Posts Tagged ‘Michigan state parks’

The Department of Natural Resources and Environment is offering free camping in the summer of 2011 for outdoor lovers who volunteer as campground hosts at Michigan state parks or state forest campgrounds. The Campground Host Program, established by the DNRE, allows individuals to camp in a state park or state forest campground at no charge in return for providing visitor assistance in the campground.

“Being a campground host combines the fun of camping, with the satisfaction of helping fellow campers,” said Ron Olson, DNRE Recreation Division chief. “Hosts stay as our guests and, in return, help welcome other campers to our beautiful state parks, recreation areas and state forest campgrounds.”

Hosts direct visitors to their campsites, answer questions about the park or state forest, arrange campground activities and perform light maintenance and other services, depending on the host’s talents and interests. Retired couples, teachers and students, as well as families, are just some of the people who have enjoyed volunteering as campground hosts.

Campground hosts can be individuals or teams. Hosts must be at least 18 years old, provide services five days/30 hours per week (including weekends and holidays), serve a minimum of four consecutive weeks and furnish their own camping unit, equipment and personal items. State park hosts must attend a two-day training session the end of April 2011 at the Ralph A. MacMullan Conference Center in Roscommon. This training is not required of state forest campground hosts.

Campground hosts are chosen by park and forest managers who may require an interview or request additional information. Selection is based on the individual’s familiarity with the state park or state forest system, their camping experience, special skills, availability, knowledge of the area and the needs of the specific park or forest campground.

Hosts especially are needed during the busy camping season, which can begin as early as April in state parks located in southern Michigan. Many of last year’s campground hosts will be returning this year; however, vacancies still exist at park and forest campground locations throughout Michigan.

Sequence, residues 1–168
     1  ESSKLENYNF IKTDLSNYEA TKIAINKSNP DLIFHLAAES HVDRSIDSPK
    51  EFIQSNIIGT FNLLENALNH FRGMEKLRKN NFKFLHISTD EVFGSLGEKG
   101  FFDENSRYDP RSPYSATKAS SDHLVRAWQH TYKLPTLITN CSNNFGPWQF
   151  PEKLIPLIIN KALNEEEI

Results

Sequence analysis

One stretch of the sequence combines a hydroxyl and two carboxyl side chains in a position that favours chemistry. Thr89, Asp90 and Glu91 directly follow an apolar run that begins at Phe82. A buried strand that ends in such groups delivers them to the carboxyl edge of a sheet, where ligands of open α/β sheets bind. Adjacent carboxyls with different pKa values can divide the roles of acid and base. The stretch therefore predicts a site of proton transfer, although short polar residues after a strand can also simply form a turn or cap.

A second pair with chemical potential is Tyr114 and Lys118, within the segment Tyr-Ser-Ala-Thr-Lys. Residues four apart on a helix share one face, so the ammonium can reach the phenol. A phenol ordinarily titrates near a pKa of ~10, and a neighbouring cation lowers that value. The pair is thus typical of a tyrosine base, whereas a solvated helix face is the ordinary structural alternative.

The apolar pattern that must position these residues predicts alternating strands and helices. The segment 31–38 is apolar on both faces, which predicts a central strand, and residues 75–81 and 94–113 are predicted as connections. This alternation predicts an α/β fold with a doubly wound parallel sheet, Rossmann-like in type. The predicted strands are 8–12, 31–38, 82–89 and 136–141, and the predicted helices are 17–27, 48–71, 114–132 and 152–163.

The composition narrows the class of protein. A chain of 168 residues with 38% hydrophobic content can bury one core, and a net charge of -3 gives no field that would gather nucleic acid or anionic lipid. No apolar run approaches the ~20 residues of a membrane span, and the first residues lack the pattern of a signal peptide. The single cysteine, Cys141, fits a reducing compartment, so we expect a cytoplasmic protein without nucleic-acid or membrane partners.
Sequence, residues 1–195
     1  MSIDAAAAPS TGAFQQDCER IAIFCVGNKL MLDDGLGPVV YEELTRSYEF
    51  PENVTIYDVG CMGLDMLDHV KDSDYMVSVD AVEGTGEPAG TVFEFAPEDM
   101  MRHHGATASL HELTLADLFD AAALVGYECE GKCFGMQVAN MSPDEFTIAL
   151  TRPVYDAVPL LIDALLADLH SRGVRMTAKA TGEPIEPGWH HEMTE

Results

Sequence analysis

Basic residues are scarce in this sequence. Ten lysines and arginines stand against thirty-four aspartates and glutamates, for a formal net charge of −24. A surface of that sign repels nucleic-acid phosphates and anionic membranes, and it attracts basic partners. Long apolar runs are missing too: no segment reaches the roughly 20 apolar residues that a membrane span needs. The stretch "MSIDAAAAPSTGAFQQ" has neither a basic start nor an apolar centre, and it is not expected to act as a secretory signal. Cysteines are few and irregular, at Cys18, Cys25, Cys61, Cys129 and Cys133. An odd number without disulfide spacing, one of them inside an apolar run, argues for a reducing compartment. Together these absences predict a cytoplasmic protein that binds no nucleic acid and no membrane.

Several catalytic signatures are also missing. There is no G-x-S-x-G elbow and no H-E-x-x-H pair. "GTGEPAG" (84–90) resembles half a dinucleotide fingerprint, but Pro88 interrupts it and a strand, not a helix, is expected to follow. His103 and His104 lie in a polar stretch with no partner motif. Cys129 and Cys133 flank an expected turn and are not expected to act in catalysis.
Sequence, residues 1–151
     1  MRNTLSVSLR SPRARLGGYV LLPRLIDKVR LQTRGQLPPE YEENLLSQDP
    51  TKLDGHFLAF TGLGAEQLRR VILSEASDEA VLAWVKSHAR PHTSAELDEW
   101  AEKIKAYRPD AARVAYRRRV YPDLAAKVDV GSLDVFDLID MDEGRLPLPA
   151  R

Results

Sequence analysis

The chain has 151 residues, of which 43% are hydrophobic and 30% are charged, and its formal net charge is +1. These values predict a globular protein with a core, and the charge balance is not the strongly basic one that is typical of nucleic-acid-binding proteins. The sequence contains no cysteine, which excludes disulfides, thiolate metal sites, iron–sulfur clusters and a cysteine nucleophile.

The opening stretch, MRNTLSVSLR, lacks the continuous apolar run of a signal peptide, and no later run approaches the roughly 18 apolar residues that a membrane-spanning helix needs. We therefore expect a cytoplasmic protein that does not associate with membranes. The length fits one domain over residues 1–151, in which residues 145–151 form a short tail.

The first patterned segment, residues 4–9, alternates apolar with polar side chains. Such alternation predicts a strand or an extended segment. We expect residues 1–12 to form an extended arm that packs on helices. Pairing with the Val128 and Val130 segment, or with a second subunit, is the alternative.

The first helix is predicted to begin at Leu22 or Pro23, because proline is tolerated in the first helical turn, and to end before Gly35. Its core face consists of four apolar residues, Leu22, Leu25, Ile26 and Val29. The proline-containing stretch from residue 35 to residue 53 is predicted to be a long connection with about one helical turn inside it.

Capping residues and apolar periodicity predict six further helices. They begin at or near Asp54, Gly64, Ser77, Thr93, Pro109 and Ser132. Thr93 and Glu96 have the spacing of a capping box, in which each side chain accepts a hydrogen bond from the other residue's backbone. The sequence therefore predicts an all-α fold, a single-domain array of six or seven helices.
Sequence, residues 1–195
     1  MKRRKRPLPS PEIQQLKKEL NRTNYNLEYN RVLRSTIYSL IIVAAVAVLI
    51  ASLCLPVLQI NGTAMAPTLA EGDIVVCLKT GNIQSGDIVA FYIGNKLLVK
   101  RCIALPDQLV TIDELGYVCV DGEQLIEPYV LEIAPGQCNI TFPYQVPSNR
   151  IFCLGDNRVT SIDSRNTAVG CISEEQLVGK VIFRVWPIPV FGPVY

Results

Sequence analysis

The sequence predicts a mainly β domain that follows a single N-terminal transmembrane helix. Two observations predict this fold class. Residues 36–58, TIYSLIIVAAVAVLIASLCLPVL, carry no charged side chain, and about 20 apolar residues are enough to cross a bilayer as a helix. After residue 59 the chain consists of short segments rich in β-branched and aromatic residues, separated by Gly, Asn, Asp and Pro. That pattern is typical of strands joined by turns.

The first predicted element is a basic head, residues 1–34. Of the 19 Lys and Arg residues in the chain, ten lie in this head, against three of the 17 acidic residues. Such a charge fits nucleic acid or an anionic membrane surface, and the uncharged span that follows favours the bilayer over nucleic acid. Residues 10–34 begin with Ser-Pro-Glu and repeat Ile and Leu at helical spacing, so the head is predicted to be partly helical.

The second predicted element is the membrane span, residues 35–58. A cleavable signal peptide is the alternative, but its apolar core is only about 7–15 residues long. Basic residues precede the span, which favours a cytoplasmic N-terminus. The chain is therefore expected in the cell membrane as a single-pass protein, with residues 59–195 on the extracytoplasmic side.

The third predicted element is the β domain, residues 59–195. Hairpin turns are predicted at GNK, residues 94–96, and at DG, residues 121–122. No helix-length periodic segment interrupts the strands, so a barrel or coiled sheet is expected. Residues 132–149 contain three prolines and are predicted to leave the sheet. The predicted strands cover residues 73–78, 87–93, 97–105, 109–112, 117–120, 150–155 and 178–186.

Many rustic campgrounds found throughout Michigan’s six state forests located in the Upper Peninsula and the northern Lower Peninsula also are in need of hosts. Information and applications are available from the DNRE’s Web site at www.michigan.gov/dnrvolunteers. Persons interested in being a campground host at a state park should apply directly to the park of their choice. For more information on campground host positions in state parks and recreation areas contact Pam Ames at 517-467-7401; for state forest campgrounds please contact Ada Takacs at 989-275-5151 ext. 2049.

A new system for funding Michigan State Parks begins Friday, when residents will have the option of paying $10 for a “recreation passport” in addition to their vehicle registration fee. Good for a year, the passport will grant access to all 98 state parks and recreation areas, plus boat launches.

Presently, park visitors are charged $6 per day or $24 for an annual pass.

Starting in 2012, the passport rates will increase annually at the rate of inflation. People who don’t buy a passport when renewing a vehicle license can get one at park entrance gates. But doing so eventually will cost more than getting a passport during license renewal.

Even as the price gradually rises, supporters say the passport will remain a bargain. Their challenge is to get the word out – and win over skeptics inclined to say “no” to any request from government for more money.

“I hope the public stands up and says our parks are important and we’re going to support them through this program,” said Erin McDonough, executive director of Michigan United Conservation Clubs, which backs the plan.

The passport wouldn’t be offered to out-of-state residents, who still would be assessed $29 a year or $8 per day.
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The State of Michigan is betting the future of its state parks on the willingness of its residents to fork out $10 a year.

The $10 will buy each resident a Recreation Passport, and the program is Michigan’s solution for funding our favorite recreation destinations. It begins October 1, 2010.

Instead of spending $24 for an annual motor vehicle permit or boating access permit, Michigan residents will now be asked to support the Recreation Passport with an optional $10 fee when renewing their vehicle registration with the Secretary of State. The license plate renewal sticker received from the Secretary of State will have a designation that indicates the Recreation Passport payment. If an individual purchases their Recreation Passport fee at the park, the park will provide an identifying sticker.

Camping fees will remain the same. Out of state visitors will still pay the $8 daily, or $29 annual fee for park and/or boating access site entrance. Michigan residents entering a park without the Recreation Passport designation will result in paying a Recreation Passport fee of up to $20 or could result in a $100 fine.
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